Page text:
The Divine Flower
Tulip used to be a flower triggering big passions, and it was most willingly portrayed in visual art. Tulip as the subject of painting was born almost simultaneously with a delight for the plant itself. Wild tulips – the ancestors of those innumerable garden varieties of today – appear on the vast areas of the Orient: from Turkey, through Armenia, Turkmenia, up to Pamir and Tien Shan mountains. Domesticated in their homeland, tulips emerged as a decorative motif in Persian, and subsequently, Turkish art, so that they could then reach Europe, via the Turks. Not only have the Turks used the motif of tulip in decorative arts, but also exposed, with considerable deference, the flowers themselves, as single specimens, almost as a rule. Turkish tulip-pitchers differ therefore from Dutch ones, designed for arranging flowers into bouquets: these are long-necked slender jars with, called laledan, after the Turkish name of the flower. The Turkish word lale, standing for tulip, is of Persian origin and is written with the same Arabic letters as the word Allah; and therefore, in the non-iconic Islamic art, tulip could gain a symbolic meaning. Apart from the decorative sense, tulip was not infrequently gaining a symbolic one indeed. Together with Barbour's army, tulip reached Afghanistan, and in the sixteenth century, when that Oriental flower was just on the verge of its European adventure, then in botanical collections of German and Swiss scholars, the roofs of mosques built by the Moguls in Kashmir were covered by dense carpets of colourful tulips.
It may be stated with quite a plausibility that the divine flower was not known in the Netherlands of Hugo van der Hoes and the van Eyck brothers: there is no point in looking for it in the Portinari triptych, or the Mystical Lamb altar. Two-hundred years later, the Dutchmen of the Golden Age, embarrassed with their own wealth, got crazy about tulip, and spent fortunes on bulbs of flowers of rare colours and exceptionally shaped petals. Interestingly enough, the petal form was (of which the growers of the time were not aware) a result of the plant's infection with a virus. That 'tulip-o-mania' was obviously reflected also in painting: if a lover of Oriental flowers could not afford buying a plant, he could order for a painting, or some tiles, representing tulip images. However, neither plants nor their portraits ranked amount cheap things. Jan van Huysum, the famous Dutch flower painter, charged some 5,000 guilders per a piece of painting, whereas the most expensive tulip bulbs sold sometimes above that price: in the peak period of the 'tulip fever', a bulb of the 'Admiral van Enkhuijsen' variety was sold at 5400 guilders, which equalled an equivalent of an Amsterdam's bricklayer's fifteen-years' earnings. The court of French monarch Louis XVI could not, of course, remain neutral to the charms of that most fashionable flower of the Europe of the seventeenth century. The King's brother, the Duke or Orleans, hired the painter Nicolas Robert for the purpose of documenting his splendid collection of tulips at Saint-Cloud. When in Europe, the tulip frenzy was coming to an end, giving up the room for new trends, the adoration for those long-admired and valued flowers reached its apogee in the Ottoman Empire. There, the reign of Ahmed III (1703-1730) was termed by chroniclers 'Lale Devri', that is, the Age of Tulip. The criteria of tulip beauty were different in the East, though: the Turkish experts appreciated, in the first place, flowers of a very slim mould and with narrow lanceolate petals. It is precisely the sort of tulips that has been immortalised in the Turkish Book of Tulips, written and illustrated ca. 1725.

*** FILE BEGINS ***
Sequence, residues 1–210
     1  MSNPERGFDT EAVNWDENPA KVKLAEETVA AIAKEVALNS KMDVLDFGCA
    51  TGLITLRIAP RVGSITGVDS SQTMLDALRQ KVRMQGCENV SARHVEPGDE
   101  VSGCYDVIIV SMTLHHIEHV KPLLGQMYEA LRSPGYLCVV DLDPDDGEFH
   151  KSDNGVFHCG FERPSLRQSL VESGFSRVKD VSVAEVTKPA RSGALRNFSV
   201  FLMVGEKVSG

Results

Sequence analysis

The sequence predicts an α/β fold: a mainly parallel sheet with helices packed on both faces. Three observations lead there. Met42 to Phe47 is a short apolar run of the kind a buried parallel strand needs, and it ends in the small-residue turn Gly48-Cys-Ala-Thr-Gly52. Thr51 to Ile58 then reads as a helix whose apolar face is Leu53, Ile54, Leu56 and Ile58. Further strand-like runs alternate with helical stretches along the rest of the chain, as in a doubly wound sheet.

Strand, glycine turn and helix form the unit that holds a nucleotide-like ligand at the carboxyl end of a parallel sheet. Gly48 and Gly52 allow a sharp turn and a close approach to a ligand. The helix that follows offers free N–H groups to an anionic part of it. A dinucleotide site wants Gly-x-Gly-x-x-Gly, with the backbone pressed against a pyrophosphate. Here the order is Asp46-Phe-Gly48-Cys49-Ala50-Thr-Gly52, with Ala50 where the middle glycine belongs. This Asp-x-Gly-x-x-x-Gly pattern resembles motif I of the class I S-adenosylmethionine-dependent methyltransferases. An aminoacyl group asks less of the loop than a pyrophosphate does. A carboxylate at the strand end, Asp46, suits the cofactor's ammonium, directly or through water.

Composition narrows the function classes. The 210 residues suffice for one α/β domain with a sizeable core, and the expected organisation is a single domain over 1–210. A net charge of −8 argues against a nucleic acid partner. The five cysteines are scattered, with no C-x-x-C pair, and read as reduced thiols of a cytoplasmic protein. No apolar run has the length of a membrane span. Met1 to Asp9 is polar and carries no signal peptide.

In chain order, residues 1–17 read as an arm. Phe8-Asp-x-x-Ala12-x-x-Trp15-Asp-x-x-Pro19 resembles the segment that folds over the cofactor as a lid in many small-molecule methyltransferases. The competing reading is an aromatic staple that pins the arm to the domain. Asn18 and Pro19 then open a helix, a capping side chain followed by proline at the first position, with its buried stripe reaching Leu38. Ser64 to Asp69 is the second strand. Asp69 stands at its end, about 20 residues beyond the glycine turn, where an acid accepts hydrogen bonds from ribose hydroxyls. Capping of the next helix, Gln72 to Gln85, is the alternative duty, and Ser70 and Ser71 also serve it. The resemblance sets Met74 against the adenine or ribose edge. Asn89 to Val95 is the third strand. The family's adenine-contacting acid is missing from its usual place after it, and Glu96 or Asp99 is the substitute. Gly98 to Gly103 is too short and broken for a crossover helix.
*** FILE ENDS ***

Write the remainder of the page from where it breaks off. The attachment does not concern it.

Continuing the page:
Although Modernity, in its democratic rush for producing everything at larger and larger a scale, has also industrialised the growing of tulips, it has not managed to render the flower any banal. A fate that mercilessly affected roses, and in Poland, also pinks or carnations, condemned to celebrating 'socialist (as to the form) and people's (as to the content)' patriotic affections of the former First, Second, or Third Secretaries of the ruling communist party. But the 'smelling object' in a vase, early in the springtime, still continues to be an exotic and 'strange guest amongst us, humans'.